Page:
Prevent Cold Misfires

How to prevent firing pin freeze up

The thermometer reads a bone-chilling -30° Celsius and the windchill makes it feel like -45°. Exposed skin freezes in a matter of minutes, so how does the cold affect your metal rifle components?

Firing pin fail

Hunters often spend hours, if not days hunting for their winter meat. The last thing you want to happen is to raise your rifle, find the deer in the scope, slide the safety off, and slowly squeeze the trigger, only to hear “click.”

It isn’t uncommon for a rifle to fail in extremely cold conditions. Most of the time the misfire can be blamed on a slow firing pin, delayed by freezing oil or grease within the bolt. The primer will usually be slightly indented, but the force of the firing pin hitting it is not enough to ignite the propellant.

Field fix

Hunters faced with a frozen bolt can unload the rifle and work the bolt several times, pulling the trigger to help loosen the firing pin. After six to eight false fires the firing pin might be loose enough to work properly. But if there is lots of grease in your bolt, it won’t matter how many times you work it and the trigger, it simply won’t fire.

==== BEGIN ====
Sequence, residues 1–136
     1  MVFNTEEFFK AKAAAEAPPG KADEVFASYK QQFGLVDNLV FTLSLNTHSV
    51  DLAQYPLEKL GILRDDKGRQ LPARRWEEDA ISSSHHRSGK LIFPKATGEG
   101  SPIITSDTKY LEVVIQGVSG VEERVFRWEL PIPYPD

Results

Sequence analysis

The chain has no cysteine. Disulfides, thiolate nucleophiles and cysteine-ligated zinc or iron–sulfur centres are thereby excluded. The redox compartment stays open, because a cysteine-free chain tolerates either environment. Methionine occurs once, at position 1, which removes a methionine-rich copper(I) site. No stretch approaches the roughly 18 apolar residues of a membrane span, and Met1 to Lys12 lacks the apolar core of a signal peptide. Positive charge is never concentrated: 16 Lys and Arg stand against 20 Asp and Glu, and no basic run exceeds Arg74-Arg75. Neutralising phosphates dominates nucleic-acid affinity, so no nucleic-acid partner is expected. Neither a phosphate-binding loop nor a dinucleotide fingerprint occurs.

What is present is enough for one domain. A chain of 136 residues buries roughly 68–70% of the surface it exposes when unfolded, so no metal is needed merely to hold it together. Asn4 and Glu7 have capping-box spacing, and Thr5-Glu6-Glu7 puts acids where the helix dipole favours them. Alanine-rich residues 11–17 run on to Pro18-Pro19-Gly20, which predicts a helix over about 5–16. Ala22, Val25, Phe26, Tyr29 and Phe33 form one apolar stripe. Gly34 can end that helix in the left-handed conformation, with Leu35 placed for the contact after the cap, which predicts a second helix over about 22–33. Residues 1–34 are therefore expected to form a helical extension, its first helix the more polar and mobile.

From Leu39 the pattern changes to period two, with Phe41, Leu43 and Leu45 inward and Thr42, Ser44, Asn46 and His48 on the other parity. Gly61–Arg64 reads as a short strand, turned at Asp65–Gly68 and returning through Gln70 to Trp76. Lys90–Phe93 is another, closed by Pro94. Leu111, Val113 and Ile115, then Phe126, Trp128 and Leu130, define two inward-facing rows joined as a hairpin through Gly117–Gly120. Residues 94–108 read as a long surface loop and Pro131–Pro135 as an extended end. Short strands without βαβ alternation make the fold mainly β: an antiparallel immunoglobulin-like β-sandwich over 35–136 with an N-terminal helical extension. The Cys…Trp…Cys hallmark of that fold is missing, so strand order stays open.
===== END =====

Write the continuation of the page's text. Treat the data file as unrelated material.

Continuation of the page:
Fix for the future

It’s better to prepare your rifle for the cold before you encounter the conditions in the field. New rifles are shipped with generous amounts of grease or oil on all components to prevent rust during transit. New rifles should always be stripped of shipping grease before heading to the range. The sticky lubricants can hold dust, powder residue, and dirt causing operation problems in some firearms. A clean bolt will ensure smooth operation but going lubrication-free in the extreme cold is the best option.

Remove the bolt from the gun and hold it over a pail. Use a can of brake cleaning fluid and spray the bolt until it is dripping out of all possible areas that could hold grease or oil. Turn the bolt to ensure the cleaning fluid gets into all moving portions of the bolt. Wait a few seconds then repeat the cleaning process. The brake fluid will cut and remove grease, oil, and dirt build-up and dry quickly without residue.

When the hunting season is over, apply a thin coating of gun oil or lubricant on the rifle and all working parts to ensure humidity won’t cause any rust while in storage.